I remember Freshman Jordan thinking: Not me, I know what I’m doing!
Now Sophomore Jordan is laughing at Freshman Jordan. Because I’m now in that “just have a general idea of what I want to do with my life” boat.
Freshman Jordan was 110% going to be a sports journalist.
Sophomore Jordan just knows that somehow, she just wants to tell stories.
I’ve always known that I have been blessed in my medical journey. For some reason, a grade 3 hemorrhage and a 9 week premature birthday didn’t affect me as much as it probably should have.
For some reason, God gave me this voice that a lot of other disabled kids don’t have.
If my medical chart spoke for itself, I probably shouldn’t and couldn’t be at UF.
But for some reason, I am. For some reason, I can’t do math for the life of me but I can write all day.
For some reason, I have this unique platform.
And that has been very convicting lately.
The disabled population at UF is larger than people realize. And because I live in the specifically accessible dorm this year and find myself in the Disability Resource Center (DRC) a lot, I see it. And one word creeps into my mind and drives me up a wall:
Why am I on crutches but the kid down the hall from me is fully wheelchair bound?
Why can I talk but the kid to my right can’t and communicates through an iPad?
Why did I start this blog?
To be a voice for kids like me. To advocate for the population that has their lives stamped with that blue symbol.
Here’s where Delaware and Nemours comes in. A year ago, I was going full speed ahead into the sports media industry. Now, I feel like I’m at a crossroads with two paths.
Do I go into sports or do I go into healthcare? Do I step onto a field and tell people’s stories or do I step into a hospital and tell people’s stories?
While both of those scenarios get me excited, lately the latter gets me really fired up.
I don’t know what that looks like right now. Part of me is starting to dig my heels in and look for communications internships at Nemours or any healthcare system where I can learn to do just that. Be a voice for kids like me and families like mine.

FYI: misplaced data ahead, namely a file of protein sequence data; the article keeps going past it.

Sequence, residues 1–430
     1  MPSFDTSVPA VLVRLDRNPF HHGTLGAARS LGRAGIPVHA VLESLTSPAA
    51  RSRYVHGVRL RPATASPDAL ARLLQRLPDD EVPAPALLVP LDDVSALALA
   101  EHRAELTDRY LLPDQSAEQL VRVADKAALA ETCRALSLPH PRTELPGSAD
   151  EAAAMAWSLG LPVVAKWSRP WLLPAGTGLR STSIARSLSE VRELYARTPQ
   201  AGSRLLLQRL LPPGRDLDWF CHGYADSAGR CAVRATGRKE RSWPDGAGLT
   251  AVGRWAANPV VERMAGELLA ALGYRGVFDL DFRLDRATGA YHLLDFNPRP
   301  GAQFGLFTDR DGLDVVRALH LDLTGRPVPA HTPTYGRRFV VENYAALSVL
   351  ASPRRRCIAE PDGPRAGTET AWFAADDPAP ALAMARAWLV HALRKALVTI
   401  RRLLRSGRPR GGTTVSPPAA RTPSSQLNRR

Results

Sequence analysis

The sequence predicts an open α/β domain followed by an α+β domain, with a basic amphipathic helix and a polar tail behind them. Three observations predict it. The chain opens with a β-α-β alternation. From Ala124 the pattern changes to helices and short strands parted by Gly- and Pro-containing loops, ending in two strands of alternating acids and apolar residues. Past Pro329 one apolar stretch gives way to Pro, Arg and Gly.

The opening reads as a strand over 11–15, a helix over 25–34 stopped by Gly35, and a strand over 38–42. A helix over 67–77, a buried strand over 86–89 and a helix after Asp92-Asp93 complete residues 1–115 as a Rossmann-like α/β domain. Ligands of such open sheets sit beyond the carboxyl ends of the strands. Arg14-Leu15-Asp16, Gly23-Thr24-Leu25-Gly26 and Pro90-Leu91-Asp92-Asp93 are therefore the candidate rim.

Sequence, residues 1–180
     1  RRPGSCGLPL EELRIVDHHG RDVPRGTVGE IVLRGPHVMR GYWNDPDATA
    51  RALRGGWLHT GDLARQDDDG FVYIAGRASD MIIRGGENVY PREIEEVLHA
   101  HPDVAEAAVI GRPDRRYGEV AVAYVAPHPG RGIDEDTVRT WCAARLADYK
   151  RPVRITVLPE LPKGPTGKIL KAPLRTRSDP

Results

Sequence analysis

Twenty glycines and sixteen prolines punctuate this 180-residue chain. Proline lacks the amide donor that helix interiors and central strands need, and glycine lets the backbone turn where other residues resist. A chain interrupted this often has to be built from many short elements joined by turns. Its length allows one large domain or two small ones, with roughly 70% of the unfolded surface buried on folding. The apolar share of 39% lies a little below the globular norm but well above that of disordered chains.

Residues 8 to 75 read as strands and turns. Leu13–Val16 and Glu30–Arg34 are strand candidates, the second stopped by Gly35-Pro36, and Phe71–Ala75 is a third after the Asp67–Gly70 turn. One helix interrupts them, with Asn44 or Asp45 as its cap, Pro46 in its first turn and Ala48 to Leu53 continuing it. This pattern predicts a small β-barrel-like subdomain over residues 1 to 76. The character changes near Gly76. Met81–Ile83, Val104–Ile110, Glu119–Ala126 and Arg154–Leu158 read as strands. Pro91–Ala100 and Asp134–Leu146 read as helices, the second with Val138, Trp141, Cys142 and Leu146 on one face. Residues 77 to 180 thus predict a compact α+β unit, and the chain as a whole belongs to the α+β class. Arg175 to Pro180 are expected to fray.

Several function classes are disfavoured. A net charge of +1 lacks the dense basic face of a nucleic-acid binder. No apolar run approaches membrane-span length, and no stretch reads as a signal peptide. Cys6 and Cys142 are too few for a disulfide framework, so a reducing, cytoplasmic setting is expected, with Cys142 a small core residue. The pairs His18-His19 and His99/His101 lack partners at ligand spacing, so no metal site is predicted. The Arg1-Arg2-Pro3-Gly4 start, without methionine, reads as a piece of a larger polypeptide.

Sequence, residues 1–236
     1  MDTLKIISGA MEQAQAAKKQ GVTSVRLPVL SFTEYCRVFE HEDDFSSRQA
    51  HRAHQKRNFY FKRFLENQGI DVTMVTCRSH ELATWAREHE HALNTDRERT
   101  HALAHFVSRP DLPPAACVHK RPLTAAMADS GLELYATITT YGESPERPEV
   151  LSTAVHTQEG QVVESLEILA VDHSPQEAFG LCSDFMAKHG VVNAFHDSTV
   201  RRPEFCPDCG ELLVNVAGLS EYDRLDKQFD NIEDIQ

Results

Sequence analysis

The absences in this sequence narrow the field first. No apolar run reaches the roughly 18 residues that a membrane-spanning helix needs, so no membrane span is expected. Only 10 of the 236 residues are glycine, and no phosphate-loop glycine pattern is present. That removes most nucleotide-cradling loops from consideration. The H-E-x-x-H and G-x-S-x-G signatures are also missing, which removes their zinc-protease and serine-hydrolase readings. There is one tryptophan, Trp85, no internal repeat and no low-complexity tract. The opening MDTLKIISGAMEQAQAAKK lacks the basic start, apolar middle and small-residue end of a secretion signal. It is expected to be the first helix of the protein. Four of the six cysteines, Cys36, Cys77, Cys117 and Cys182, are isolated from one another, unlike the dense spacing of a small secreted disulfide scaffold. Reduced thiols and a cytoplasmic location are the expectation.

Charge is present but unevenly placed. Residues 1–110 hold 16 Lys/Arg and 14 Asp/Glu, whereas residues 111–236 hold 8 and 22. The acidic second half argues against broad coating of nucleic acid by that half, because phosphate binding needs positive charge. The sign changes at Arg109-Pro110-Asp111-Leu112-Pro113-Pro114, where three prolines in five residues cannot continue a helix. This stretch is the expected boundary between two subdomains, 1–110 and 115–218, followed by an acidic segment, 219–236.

I guess the funny, scary and awesome part about life is you never know where you’re going to end up.
Who knows, maybe one day I’ll find a way tell stories in the sports and healthcare fields.
I don’t know where I’ll end up, but I do know that feeling God’s call is awesome.
Right now? I’m confused because Freshman Jordan’s plan might be changing. But excited because I know God’s got something big.
I used to end articles or posts telling ESPN to watch out.
Now, being fully open to God’s plan that could be ESPN, could be Nemours or could be somewhere else, I’m just saying that I’m excited.
What is clear is that I want to be a professional storyteller.
And what that looks like? I am not sure yet.
This summer at Nemours gave me a perspective and uncovered a dream that I pushed off for a long time.
But now I’m open and excited about it.
A little confused and scared because the perfectionist in me likes to know exactly where I’m going, but I’m slowly surrendering to the fact that that’s not possible. So I’m deciding to just be excited.
Like, really excited.
Dear Delaware: I love you a lot. Thanks for lighting up passions in me that I always had but never knew how to pursue.
Thanks for giving me the courage to finally start trying to figure that out.
Related posts: Dear Nemours